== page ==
Update: June 23rd, 2008
Update Feb 29th,
Friday, February 29, 2008
The embassy called Lynn Friday morning to report they were able to visit with Phillip for over an hour. It was a very good and casual visit. Phillip looked well although he is taking advantage of his time away from Lynn to grow his very first beard. He knows when he comes home, the beard will need to stay in Russia.
He told them about each of his cellmates and what they are like. He told lots of funny stories and it was obvious to the embassy officials that he is very fond of the men and the guards who watch over him. He told them all about the cabin in Clayton, Ga. where he and Lynn have taken sabbaticals. He related that he dreams about feeding the deer and watching the birds on the front porch with Lynn. He also told them about some of the people at church and had them all laughing.
They are very impressed with Phillip’s demeanor and how well he is conducting himself while imprisoned. There is not much news to report about his case except that the lawyers continue to make progress on his behalf.
Interesting article about the Pastor, I will pass it on. Just another part of the Puzzle!
Grigory Pasko: A Pastor Behind Bars
In Russia they’re accusing an American clergyman of arms smuggling
By Grigory Pasko, journalist
In Moscow, not far from the pretentiously ostentatious building of the state corporation «Rosatom», is found the plain and inconspicuous construction in which the «Slavic legal center» has made its home. At the entrance, on the security guard’s desk, I see a pile of magazines entitled «Religion and law». I find out that these magazines are published by the center. Later, it becomes clear that the editor-in-chief of the magazine, Anatoly Pchelintsev, and I know each other, having met once previously.
Vladimir Ryakhovskiy, the managing director of the center, a former judge, now a lawyer, met me in his office. First we talked about the center: what it does, what cases the lawyers are working on, and so forth. It turned out that Ryakhovskiy and Pchelintsev were the lawyers in the famous case of the religious organization «Salvation Army» which was lost by Russia in the International Court of Human Rights (the essence of the case was that the Russian authorities had tried to prohibit the activities of this religious organization on the territory of the RF on the grounds that it could not call itself an “army”. An army, they had decided in Russia, could be only aviational, marine, or land).
The essence of the case Vladimir Ryakhovskiy is working on right now is as follows: Phillip Houston Miles, a pastor from South Carolina who was part of a group of American missionaries, flew into the Moscow airport Sheremetyevo-2 to fly on further to Perm. There, he’s got a friend, also a pastor, who is called Eduard and who, like Phillip, is an inveterate hunter.
On the eve of Miles’s flight out from the USA, Eduard reported to him that he had acquired a hunting carbine. True, things were a bit tight in Russia with bullets for it.
Apparently, pastor Miles decided to make a present for his friend in faraway Russia. He, as I imagine this is done in America, went to the nearest store and bought a box of American bullets there for 25 dollars. By American laws, there’s nothing bad in this. And by American standards, this is an ordinary thing: to buy bullets.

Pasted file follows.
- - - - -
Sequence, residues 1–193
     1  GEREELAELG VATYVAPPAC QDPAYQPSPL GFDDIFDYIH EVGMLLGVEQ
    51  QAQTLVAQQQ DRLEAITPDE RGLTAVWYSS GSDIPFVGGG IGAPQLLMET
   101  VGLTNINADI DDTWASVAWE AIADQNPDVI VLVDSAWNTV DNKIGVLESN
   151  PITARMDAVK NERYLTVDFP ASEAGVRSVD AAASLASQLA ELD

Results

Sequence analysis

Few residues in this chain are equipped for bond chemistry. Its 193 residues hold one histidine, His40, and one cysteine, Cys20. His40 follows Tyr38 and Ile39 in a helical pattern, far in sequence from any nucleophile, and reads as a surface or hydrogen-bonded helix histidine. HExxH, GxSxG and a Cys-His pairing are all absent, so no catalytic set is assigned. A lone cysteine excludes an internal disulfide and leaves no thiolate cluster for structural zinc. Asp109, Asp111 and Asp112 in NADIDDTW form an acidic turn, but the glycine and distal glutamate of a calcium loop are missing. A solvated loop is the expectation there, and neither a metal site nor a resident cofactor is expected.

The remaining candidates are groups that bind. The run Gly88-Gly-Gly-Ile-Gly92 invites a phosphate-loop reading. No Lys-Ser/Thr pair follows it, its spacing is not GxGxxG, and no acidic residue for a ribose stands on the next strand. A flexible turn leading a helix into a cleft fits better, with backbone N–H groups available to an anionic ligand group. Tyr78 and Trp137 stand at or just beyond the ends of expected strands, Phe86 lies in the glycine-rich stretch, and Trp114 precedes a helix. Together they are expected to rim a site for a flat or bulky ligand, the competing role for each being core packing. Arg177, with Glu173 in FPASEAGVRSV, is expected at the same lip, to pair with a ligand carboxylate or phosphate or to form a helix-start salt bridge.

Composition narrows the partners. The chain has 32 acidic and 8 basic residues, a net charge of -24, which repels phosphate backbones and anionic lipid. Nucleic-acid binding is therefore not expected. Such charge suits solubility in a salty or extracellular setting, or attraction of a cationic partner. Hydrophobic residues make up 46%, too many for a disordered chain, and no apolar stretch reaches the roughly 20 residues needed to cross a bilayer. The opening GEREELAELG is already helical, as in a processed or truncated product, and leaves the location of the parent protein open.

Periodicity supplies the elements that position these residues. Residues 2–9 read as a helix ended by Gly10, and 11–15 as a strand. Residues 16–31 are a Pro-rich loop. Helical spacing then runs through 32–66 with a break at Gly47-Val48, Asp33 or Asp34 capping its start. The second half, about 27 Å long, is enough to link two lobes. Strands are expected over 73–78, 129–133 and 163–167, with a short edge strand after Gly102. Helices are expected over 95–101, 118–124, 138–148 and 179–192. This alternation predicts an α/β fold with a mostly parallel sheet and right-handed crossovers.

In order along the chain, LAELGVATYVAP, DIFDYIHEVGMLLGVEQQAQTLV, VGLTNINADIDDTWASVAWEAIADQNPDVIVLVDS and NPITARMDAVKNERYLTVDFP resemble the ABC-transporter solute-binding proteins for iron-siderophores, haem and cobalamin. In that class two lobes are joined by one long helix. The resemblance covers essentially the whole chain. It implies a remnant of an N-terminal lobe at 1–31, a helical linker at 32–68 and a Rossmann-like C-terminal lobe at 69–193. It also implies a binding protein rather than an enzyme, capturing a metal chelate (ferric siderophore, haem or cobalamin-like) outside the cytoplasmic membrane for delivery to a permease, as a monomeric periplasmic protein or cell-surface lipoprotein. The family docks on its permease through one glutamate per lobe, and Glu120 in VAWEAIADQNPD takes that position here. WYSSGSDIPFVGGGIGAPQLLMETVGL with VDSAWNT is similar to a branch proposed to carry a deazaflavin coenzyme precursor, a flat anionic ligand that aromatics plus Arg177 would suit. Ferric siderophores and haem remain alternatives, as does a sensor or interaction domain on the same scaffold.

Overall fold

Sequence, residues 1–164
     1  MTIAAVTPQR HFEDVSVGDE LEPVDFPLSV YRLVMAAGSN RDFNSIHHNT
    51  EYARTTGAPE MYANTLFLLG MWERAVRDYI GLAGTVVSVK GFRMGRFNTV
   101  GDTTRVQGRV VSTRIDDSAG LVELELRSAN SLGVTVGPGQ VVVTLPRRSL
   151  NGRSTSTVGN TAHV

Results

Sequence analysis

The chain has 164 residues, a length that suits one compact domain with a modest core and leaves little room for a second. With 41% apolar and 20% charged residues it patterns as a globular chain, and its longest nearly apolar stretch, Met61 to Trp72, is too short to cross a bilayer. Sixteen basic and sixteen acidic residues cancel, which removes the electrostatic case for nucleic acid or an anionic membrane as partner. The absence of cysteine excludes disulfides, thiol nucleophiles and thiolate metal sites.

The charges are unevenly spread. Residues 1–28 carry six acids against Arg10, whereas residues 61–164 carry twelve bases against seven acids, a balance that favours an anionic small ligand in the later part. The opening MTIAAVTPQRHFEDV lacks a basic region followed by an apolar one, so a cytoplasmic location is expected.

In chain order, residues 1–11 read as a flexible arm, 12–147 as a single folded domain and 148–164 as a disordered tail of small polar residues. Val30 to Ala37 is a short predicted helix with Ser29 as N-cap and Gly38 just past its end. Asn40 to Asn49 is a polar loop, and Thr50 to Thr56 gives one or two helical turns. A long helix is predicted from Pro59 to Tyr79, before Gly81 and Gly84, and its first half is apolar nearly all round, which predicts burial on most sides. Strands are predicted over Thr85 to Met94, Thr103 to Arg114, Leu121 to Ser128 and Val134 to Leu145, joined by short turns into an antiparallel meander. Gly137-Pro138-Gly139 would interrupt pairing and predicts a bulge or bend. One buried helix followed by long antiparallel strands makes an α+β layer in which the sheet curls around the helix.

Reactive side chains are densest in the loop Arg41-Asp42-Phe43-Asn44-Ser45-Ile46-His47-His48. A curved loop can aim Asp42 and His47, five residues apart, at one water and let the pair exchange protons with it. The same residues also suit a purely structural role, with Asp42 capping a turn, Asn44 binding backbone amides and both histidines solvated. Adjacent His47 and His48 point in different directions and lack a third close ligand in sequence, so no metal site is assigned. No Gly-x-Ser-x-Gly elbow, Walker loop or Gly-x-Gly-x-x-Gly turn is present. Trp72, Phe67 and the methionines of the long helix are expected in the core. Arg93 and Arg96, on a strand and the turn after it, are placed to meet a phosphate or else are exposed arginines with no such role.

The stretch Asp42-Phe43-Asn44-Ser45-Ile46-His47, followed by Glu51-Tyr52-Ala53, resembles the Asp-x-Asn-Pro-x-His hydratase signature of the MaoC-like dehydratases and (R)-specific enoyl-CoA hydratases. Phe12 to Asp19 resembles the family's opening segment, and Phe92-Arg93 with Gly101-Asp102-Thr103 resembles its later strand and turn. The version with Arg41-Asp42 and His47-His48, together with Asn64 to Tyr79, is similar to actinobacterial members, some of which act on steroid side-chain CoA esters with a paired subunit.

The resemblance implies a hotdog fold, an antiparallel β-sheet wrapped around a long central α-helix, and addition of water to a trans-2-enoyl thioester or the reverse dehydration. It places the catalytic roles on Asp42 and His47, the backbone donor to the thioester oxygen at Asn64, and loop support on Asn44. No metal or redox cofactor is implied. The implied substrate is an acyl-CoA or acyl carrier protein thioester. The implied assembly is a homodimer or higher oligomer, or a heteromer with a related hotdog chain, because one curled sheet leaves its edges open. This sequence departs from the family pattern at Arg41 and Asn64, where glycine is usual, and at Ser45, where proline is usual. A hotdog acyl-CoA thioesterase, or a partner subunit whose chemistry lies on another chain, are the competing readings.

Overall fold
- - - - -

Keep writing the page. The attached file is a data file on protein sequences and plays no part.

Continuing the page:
No doubt the staff at the airport in the USA knew about this ordinary thing too. At any rate, they didn’t show any interest whatsoever in pastor Miles’s bullets.
But the Russian customs officers were very interested. They proposed to Miles – the only one of the group of missionaries – to scan his baggage. Seeing a suspicious-looking box, they asked the pastor what it was. The pastor honestly replied: these are bullets, which I’m taking to my friend in Perm.
They drew up a report, confiscated the bullets, and allowed the pastor to fly on to Perm. Upon returning from Perm, on 3 February of this year, they detained the pastor right at Sheremetyevo, presenting him with a charge of having committed a crime under Article 222 – “unlawful acquisition, transfer, sale, storage, transport or bearing of weaponry, component parts thereof, munitions, explosive substances and explosive devices”. It is not by accident that I have cited the name of the Article. The fact is that in the USA, all this – acquisition, storage, sale, transport, and so on – is not a violation of the law.
In Russia it is. Furthermore. In Russia, they very much love the saying: ignorance of the law does not release from liability (as if though knowledge of the law does…).
In short, they arrested the pastor and sent him off to investigative isolator No. 5 of the city of Moscow. Where the 68-year-old is sitting to this day.
So that is the essence of the case.
I listened to lawyer Ryakhovskiy and waited intently for additional information to that which had been said. “It can’t be”, thought I, “that everything’s so simple”. The fact is that based on my own experience in dealing with the inhabitants of Russia’s jails, I know that Article 222 is not considered a particularly serious crime. The term of punishment there is from two to four years. That is, there was no need to apply a measure of restraint – confinement under guard [during the pre-trial investigative period—Trans.]. Unless, of course, the Russian investigators had far-reaching plans.
It turns out they did have such plans.
Subsequently, lawyer Ryakhovskiy reported the following.
“I understood that there was no reason to have arrested the pastor. After all, in his actions – and this is evident – there was no criminal intent. Furthermore, the pastor from Perm provided to our disposal permission to the right to the use of his winchester – the bullets that pastor Miles was bringing fit it specifically. The identity of pastor Miles also did not raise questions: he was coming to Russia with missionary objectives for the 12th time already.
However, soon after, yet another Article was added to 222: Article 188 – contraband [Russian for “smuggling” or “illegal trafficking”—Trans.]. Now this is considered a “serious” crime. Under it, the term of punishment is up to seven years.